In a statement to Quartz, a spokesperson for Gucci said:

“We wish to point out that all of Gucci’s leather goods products—like the ready-to-wear and shoes products categories—are manufactured in Italy, following with the utmost respect the highest standards in terms of quality and Italian craftsmanship that made Gucci one of the most respected Italian luxury fashion brands. Gucci made this point very clearly last year once asked about. As far as our brand is concerned, the outcome of the study is therefore to be considered incorrect.”

Scoring was handled entirely by the IPE, according to Greer, since they were on the ground in China and better positioned to understand local context around factory violations.

“These [factories] are thousands and thousands of miles away, so American consumers or consumers in Europe and these kinds of places are not viscerally connected with it,” says Greer.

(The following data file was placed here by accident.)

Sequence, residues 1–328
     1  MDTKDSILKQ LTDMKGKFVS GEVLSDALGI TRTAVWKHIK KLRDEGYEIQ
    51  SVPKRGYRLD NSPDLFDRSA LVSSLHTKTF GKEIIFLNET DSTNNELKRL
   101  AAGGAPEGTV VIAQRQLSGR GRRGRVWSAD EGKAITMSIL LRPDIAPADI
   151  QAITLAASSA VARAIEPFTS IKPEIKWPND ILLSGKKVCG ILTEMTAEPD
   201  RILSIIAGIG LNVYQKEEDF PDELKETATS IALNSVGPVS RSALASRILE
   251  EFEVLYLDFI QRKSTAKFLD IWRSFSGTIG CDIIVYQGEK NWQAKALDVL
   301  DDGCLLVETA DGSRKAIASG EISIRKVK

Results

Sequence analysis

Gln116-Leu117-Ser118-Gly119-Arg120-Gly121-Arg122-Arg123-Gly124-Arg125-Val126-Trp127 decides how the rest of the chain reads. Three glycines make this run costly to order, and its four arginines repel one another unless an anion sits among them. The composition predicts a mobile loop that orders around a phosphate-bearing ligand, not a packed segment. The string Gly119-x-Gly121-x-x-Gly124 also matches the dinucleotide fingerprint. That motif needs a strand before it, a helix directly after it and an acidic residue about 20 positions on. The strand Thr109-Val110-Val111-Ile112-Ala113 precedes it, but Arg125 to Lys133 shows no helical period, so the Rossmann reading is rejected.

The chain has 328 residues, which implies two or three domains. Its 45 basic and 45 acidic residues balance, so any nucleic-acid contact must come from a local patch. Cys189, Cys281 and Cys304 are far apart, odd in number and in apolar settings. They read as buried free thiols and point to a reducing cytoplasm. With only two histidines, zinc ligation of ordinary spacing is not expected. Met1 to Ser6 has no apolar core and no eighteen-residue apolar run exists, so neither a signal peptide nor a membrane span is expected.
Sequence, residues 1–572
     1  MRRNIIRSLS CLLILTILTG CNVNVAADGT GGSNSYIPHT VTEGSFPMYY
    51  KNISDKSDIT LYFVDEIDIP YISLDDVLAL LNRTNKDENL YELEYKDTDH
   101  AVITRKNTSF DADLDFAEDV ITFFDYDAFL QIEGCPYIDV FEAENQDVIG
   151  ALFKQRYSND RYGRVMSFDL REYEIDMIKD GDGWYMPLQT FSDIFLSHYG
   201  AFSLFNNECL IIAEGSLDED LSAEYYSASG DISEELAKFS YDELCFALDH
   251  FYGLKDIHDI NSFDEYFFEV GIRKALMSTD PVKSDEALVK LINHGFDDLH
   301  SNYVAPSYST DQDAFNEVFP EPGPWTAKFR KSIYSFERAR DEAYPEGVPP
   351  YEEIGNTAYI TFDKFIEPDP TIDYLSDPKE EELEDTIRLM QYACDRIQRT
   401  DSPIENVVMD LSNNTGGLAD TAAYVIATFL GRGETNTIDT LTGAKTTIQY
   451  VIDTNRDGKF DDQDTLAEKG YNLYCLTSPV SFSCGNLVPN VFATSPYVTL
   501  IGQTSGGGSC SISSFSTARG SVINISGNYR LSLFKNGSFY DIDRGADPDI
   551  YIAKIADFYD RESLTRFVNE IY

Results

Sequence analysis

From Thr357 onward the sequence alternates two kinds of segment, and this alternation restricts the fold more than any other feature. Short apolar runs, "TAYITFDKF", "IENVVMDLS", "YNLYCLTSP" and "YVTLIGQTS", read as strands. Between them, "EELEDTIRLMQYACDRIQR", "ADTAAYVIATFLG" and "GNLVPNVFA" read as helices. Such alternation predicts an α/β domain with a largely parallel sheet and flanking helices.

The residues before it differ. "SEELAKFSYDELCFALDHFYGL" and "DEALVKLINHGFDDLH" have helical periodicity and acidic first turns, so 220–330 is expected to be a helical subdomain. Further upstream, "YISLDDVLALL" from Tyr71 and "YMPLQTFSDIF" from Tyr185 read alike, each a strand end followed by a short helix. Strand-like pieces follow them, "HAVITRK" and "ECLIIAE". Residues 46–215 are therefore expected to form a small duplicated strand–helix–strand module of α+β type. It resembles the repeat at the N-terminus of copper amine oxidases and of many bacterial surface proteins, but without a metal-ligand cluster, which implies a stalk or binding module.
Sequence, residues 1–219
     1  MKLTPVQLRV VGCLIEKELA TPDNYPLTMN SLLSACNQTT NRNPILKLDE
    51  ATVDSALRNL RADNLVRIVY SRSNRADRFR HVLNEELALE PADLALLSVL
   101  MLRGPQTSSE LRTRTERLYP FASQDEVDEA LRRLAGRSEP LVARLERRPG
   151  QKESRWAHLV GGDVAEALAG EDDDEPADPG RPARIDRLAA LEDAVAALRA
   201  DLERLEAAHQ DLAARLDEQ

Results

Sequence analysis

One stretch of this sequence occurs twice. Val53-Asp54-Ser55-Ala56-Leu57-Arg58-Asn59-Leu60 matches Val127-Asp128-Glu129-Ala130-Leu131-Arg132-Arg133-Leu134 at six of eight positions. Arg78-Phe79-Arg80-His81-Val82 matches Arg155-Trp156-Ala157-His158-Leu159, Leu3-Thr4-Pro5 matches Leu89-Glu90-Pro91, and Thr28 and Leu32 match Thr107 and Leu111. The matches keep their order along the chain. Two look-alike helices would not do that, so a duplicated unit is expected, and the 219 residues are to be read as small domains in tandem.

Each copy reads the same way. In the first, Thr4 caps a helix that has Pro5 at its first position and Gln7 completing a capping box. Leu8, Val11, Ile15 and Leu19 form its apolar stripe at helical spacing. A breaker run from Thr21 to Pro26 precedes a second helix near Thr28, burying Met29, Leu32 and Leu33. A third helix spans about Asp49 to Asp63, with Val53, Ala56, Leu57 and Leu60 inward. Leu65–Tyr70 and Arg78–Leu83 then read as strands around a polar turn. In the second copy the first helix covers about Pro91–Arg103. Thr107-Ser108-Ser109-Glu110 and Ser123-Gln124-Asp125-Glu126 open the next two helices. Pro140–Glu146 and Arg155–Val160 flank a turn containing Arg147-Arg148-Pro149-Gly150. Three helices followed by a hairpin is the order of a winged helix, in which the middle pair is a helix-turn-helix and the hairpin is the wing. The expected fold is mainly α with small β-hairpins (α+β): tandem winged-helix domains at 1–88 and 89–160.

She notes that CITI’s standards are the minimum that would be required of companies operating in the US. ”It really reflects what a basic environmental-management program should look like,” she tells Quartz. “Despite the fact that we have the internet, and there are many, many incidents where people take pictures and they go viral, I still think that many of these companies are sort of hiding behind the opacity of their supply chain.”

Thanks to initiatives like CITI, that’s starting to change.